From the Author
Readers in the US may, or may not, have heard of a carved chalk giant who stands proudly on a hillside overlooking a valley in the English county of Dorset. In one hand he wields a club, but the most notable aspect of the figure is not what he waves in his hand, but a rather more prominent feature that rises proudly to a great height, hence one of his popular names being 'the Rude Man of Cerne'. Theories vary as to when he was carved, and what he was supposed to represent, with claims being made that he was a Celtic fertility deity, a Roman depiction of Hercules, or a seventeenth-century satire on 'the English Hercules' Oliver Cromwell. Whatever his origins and his meaning, he lacks a consort: there is no 'Rude Woman of Cerne', or there wasn't until I wrote this story. That said, I do not create a giantess of an equally lewd appearance, but rather introduce the reader to a character who is rude in quite a different way, which is to say that she is overbearing in her opinions, and intent on forcing them onto anyone she comes across, including her fee-paying guests.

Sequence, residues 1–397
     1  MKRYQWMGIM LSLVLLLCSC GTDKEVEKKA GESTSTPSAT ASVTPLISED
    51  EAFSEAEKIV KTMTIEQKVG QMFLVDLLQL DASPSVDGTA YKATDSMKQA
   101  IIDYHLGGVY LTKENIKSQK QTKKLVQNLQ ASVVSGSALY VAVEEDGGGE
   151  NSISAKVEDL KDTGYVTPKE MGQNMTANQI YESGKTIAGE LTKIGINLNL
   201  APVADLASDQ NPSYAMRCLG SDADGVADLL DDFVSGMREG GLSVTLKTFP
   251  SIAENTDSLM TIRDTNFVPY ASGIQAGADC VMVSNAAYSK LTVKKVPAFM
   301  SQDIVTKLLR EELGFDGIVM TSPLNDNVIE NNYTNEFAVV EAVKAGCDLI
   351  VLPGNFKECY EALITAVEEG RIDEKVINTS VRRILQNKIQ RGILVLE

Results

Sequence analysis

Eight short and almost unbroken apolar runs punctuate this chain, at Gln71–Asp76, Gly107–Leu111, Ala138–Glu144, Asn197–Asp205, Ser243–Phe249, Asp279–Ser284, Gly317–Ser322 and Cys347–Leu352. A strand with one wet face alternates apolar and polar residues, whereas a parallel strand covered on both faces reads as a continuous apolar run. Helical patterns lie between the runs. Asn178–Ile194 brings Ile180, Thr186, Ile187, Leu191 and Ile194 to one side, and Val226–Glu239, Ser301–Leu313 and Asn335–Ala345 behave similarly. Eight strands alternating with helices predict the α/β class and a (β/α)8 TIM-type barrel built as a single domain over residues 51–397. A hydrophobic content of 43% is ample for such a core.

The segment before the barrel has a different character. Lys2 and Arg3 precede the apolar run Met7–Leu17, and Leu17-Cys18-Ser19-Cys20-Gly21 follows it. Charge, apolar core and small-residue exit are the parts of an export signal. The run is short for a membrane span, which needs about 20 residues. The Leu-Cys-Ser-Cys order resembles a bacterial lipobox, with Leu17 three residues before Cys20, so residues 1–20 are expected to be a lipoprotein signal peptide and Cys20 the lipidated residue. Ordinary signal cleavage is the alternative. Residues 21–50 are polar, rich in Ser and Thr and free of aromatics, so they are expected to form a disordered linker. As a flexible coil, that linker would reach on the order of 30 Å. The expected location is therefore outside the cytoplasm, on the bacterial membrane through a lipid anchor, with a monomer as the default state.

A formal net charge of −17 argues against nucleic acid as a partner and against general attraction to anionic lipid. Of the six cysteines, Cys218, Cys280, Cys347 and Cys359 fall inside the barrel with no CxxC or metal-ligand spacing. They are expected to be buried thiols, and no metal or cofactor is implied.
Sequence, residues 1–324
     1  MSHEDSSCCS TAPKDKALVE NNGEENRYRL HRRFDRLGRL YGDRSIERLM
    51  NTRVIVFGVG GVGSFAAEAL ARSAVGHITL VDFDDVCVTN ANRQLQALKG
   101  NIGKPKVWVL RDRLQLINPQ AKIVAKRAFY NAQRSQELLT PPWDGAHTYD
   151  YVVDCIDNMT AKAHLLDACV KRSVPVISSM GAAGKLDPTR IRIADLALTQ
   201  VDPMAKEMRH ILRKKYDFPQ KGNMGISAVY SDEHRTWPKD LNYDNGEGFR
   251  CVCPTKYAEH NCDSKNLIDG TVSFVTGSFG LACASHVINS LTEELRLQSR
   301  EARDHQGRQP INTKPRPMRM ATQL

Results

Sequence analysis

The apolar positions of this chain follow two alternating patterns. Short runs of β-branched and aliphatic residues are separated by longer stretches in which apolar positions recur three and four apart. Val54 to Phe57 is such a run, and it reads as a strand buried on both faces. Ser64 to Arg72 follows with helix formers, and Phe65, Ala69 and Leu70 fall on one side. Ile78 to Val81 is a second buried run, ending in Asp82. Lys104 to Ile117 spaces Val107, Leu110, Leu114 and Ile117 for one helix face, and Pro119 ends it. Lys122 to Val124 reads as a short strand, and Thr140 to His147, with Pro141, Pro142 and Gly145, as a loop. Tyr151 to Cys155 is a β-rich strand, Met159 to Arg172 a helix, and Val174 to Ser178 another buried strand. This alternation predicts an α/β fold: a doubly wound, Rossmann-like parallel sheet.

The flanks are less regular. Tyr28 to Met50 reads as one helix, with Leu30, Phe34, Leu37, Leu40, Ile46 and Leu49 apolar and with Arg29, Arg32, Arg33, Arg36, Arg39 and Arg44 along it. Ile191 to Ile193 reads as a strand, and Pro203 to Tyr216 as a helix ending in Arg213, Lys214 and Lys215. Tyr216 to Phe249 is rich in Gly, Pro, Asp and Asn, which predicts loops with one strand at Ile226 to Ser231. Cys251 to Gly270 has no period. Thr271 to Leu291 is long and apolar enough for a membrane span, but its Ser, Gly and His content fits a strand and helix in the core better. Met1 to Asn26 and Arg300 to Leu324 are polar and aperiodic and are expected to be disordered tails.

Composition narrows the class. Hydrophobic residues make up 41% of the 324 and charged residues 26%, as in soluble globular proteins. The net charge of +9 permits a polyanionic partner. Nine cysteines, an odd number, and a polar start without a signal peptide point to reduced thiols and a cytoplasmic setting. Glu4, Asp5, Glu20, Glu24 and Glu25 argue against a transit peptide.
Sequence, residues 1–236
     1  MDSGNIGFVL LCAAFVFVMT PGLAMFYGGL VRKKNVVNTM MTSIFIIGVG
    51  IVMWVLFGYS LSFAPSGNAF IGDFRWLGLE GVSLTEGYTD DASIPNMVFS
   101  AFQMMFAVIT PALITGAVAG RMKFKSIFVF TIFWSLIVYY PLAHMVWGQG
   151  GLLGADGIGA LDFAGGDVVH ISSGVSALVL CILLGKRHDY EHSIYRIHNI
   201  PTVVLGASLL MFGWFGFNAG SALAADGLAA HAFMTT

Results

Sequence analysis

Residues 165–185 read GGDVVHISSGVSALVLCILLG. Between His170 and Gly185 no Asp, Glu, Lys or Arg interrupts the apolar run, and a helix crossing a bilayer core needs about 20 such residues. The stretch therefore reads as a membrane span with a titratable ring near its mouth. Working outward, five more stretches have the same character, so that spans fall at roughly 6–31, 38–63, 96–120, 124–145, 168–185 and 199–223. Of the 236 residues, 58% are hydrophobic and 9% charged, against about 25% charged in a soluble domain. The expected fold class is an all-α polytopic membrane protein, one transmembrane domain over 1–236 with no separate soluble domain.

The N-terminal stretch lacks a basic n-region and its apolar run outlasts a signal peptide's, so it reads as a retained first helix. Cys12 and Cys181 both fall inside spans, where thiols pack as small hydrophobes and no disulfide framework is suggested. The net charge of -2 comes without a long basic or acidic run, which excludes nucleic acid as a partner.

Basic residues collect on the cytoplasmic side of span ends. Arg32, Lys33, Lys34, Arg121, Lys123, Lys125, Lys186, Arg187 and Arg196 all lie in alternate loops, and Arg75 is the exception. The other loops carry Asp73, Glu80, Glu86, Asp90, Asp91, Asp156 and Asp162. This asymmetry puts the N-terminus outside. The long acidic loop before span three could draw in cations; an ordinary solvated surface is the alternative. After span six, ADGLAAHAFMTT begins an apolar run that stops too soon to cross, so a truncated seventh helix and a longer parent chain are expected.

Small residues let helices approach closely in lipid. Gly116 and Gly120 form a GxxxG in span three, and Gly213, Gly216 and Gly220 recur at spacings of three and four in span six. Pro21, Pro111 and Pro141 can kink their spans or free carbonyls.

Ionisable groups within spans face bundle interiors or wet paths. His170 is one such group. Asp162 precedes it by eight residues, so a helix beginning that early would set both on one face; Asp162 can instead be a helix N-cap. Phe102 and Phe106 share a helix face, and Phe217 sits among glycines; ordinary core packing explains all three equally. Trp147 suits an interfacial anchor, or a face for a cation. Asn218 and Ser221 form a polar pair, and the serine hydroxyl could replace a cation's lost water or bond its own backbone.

Whereas the Rude Man represents a bond with the deep past of this part of England, the Rude Woman serves as a symbol of the encroachment of a form of modernity that is at variance with the spirit of the place, and violates the natural order. It is this rupturing of what 'should be', and her attempt to impose what she thinks it 'ought to be', that unleashes a primal force that may not be humanly controlled. On one level, therefore, this is a tale of psychic retribution, but on another plane it serves, as you will see if you are familiar with the type, as a satire of a certain kind of hypocritical English 'progressive'. There is a good deal of comedy in this tale, but those whom it satirises may not find it to their taste.